Law is built on a system of precedent, which can make it difficult to adapt to a changing society.
This emphasis on "the way things have always been" isn't just part of case law and statutes. It's part of the way many law firms are run. But if large firms' recent financial troubles are any indicator, stagnancy is problematic.
For smaller law firms, the habits are no less ingrained, but it is easier to make important changes. Learning how to adapt can prevent your client base from moving on without you.
Legal practice has become a system where in many areas there is less demand than there is supply. That allows clients to be choosy about their lawyers.
The way to win that race is to offer services that your clients want.
That could mean learning more about the industry you represent. Or it could mean keeping up with new literature about your legal field.
Using CLE courses as a learning experience rather than a time drain can help you keep on top of your legal market.
Adaptation also means responding to client needs, not just to changes in the legal practice. If clients are asking about services you don't provide, don't dismiss their queries out of hand. Look into things like alternative fee arrangements, mediation, or other services that clients are asking for.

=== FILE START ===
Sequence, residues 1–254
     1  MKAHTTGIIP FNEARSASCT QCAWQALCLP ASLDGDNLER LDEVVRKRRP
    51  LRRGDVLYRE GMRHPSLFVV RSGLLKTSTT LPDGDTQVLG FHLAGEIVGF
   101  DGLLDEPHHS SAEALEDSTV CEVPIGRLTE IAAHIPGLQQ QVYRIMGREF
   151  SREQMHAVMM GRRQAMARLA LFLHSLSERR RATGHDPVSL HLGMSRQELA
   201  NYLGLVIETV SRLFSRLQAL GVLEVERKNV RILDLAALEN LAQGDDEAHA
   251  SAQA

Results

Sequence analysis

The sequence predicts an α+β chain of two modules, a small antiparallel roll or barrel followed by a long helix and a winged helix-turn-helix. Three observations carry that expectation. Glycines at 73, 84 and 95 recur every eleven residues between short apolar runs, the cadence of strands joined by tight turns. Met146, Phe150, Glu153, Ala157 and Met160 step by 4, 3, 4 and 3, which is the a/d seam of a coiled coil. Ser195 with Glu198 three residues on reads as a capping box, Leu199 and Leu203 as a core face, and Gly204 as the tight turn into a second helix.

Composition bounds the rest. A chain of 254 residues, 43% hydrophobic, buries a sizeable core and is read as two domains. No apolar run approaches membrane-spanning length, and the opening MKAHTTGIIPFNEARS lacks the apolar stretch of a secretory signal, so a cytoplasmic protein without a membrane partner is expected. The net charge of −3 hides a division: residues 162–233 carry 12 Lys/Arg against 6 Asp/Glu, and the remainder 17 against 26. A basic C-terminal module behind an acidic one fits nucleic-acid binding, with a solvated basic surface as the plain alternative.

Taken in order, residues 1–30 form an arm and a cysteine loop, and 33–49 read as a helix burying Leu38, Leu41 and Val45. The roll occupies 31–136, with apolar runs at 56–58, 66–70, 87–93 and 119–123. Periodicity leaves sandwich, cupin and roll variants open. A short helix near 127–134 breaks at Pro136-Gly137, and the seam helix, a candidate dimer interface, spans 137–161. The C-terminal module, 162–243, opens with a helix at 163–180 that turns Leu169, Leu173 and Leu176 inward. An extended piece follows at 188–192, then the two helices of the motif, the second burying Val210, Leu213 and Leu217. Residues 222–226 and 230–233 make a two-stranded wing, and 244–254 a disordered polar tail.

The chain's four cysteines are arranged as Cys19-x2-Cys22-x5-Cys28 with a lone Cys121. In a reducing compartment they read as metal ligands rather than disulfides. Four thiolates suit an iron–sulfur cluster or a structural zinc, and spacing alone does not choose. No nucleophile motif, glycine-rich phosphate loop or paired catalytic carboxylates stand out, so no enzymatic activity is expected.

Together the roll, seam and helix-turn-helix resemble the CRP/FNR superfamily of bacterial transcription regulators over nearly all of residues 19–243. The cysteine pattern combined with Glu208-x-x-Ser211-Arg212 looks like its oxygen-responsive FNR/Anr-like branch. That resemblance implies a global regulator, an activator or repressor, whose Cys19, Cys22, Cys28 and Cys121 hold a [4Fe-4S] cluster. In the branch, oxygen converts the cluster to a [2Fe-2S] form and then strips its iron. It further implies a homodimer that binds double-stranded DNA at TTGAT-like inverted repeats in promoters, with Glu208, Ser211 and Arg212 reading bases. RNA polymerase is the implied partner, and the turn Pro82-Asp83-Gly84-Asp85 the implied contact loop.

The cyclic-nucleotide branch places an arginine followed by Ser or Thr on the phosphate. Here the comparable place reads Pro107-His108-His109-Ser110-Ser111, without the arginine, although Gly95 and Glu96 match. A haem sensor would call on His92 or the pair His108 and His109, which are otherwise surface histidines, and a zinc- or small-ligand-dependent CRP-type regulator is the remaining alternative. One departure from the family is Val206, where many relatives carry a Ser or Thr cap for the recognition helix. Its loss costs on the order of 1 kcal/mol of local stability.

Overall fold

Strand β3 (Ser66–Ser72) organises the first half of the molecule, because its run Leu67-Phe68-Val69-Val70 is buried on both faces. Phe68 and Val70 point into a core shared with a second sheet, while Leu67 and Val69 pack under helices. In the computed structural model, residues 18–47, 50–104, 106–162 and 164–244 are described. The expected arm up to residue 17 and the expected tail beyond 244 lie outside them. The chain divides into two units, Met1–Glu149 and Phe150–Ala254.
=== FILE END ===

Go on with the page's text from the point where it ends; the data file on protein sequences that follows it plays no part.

Too often attorneys say "no" when asked about new services, when they should instead say "not at this time."
If you've already taken steps to adapt your practice to more current needs, let potential clients know. Offering new or better services won't help if no one is aware of it.
Make sure you have a marketing team that can help you take advantage of the changes you've made.
Being able to adapt is key to attracting new business and keeping existing clients happy. Don't let your legal practice get stuck in a rut, or you may find you're in there by yourself.
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